• Bible Films Blog

    Looking at film interpretations of the stories in the Bible - past, present and future, as well as preparation for a future work on Straub/Huillet's Moses und Aron and a few bits and pieces on biblical studies.

    Matt Page


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    Saturday, November 16, 2019

    Greatest Heroes of the Bible: The Tower of Babel

    Of all the entries in "The Greatest Heroes of the Bible" series this is the one that is most clearly in the tradition of the Hollywood Biblical Epic. This is partly because the fundamental core of the story - a spectacular act of destruction of an enormous piece of architecture - is the very essence of the traditional biblical epic where, according to Wood, ultimately the excess of human edifices are spectacularly destroyed in order to demonstrate the nations dependence on God.

    That said, it is also because screenwriter is allowed to take the scant basics of the text (a mere nine verses) and more or less create his story from scratch. And the story he creates is the classic Cold War narrative whereby a ruthless dictator attempts to fashion a monument to his own glory only to be opposed by a humble prophet of God, who sticks out tremendous opposition to be finally justified in his stance by God's intervention.

    Here the king is called Amathar and the prophet Joctan (Voyage to the Bottom of the Sea's Richard Basehart) yet at the beginning they are both simply members of the city's somewhat divided council. Part of the council wants to build a tower; part are opposed to the idea. When Amathar captures a lion using only a net and a dog in the opening scene, he returns home to be appointed by the council as it's leader and gradually he steers his role from a leader of the council, to a king an then ultimately he disbands the council and becomes a dictator.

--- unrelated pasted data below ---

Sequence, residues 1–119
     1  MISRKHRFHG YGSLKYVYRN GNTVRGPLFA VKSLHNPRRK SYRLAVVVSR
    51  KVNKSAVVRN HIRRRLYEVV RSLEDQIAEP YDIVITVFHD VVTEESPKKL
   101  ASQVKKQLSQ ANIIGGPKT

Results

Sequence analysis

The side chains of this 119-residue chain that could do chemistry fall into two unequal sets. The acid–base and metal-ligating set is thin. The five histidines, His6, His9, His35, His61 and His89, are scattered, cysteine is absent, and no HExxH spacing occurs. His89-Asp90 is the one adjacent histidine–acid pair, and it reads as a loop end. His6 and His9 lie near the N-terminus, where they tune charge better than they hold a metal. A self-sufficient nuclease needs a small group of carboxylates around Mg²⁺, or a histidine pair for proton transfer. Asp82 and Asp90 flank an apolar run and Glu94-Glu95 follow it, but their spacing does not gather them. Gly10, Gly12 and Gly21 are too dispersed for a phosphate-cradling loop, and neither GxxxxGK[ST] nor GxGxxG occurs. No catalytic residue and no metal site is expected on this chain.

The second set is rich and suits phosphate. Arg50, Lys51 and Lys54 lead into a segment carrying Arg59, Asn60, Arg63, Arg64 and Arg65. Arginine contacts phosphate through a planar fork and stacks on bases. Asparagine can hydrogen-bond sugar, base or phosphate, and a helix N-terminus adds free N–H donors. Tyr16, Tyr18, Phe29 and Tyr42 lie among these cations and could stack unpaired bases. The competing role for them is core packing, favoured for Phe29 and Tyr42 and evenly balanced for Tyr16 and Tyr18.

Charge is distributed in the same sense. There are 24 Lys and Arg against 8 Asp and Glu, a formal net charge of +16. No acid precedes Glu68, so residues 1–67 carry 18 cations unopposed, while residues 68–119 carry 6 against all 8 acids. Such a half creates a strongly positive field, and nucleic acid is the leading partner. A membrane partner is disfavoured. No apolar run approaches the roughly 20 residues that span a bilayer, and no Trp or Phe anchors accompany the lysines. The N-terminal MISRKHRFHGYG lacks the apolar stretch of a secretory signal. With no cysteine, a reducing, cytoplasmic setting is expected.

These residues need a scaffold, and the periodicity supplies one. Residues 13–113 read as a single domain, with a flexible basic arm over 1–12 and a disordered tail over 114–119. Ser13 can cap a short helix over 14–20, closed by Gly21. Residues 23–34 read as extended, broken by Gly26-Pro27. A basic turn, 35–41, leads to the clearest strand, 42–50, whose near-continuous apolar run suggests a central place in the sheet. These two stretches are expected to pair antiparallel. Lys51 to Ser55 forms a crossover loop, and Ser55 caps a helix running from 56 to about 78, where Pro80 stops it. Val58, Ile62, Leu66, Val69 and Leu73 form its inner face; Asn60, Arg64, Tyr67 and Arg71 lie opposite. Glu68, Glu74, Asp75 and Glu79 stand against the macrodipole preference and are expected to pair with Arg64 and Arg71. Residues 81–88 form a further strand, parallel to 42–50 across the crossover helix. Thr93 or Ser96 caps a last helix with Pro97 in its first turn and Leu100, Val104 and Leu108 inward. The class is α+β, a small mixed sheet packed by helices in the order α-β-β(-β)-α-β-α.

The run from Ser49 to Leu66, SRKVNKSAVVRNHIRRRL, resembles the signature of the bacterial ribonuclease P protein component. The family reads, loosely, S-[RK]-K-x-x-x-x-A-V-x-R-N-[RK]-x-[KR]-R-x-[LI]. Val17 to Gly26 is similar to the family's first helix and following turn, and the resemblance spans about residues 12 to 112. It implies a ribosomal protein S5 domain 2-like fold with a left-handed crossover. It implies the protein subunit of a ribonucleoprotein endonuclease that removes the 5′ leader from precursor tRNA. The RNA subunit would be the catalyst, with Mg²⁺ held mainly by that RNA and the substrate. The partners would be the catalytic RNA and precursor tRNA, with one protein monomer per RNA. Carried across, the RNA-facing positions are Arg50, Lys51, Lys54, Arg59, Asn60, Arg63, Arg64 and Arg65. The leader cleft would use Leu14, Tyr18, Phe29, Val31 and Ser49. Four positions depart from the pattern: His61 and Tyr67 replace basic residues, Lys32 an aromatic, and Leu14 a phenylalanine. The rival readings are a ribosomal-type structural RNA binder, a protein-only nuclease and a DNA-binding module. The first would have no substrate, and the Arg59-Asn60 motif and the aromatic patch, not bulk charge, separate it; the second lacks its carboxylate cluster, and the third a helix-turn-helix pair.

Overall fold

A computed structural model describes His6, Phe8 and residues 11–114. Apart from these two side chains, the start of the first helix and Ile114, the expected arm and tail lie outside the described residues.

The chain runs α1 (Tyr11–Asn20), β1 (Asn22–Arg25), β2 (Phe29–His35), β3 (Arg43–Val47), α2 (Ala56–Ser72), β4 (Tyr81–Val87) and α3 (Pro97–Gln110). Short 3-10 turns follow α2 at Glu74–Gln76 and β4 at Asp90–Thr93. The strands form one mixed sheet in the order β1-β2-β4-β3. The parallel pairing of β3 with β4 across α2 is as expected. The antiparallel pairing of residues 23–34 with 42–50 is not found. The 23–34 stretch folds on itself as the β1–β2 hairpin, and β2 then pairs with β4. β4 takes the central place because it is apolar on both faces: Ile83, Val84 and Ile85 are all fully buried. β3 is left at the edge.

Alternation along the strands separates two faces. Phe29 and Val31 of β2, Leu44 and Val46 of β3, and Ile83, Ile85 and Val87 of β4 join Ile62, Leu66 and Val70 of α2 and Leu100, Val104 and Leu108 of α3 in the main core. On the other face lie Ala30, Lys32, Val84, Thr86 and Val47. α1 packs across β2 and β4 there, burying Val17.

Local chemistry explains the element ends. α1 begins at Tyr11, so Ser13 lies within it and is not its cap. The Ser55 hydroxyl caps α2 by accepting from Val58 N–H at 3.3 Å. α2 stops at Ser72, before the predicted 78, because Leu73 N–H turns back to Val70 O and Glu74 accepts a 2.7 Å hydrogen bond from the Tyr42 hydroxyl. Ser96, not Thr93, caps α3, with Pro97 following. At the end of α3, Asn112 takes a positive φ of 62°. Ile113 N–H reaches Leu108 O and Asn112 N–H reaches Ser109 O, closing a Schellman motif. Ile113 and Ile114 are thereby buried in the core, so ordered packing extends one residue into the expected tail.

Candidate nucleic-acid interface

What's most interesting about all of this is its contemporary relevance, despite this episode being 40 years old this year. In the US (and to a lesser extent, the UK) there have been accusations of the erosion of democracy and a sense, that was absent from how this was presented in my younger days, that this is something that is facilitated by a sizeable group of the people as much as it is something that an individual seizes. I'll leave assessing the validity of these claims to you, but whether you agree with them or not, it seems undeniable that these are the terms that are being bandied around in certain circles and so it's interesting to see how the path presented in the film corresponds to the concerns being raised about the US's current path. Amathar at first is elected and initially uses spin to get people on his side. Initially he argues building the tower is a way to honour God, and then convinces the people to donate their free time as builders ("do it for free, as a gift"). Once this principle becomes agreed he then increases it, embeds it more in law and begins to turn those who oppose it into enemies of the state. Meanwhile he is also briefing against the council to weaken popular support even for the idea of a council, paving the way for him to remove the very idea of a council.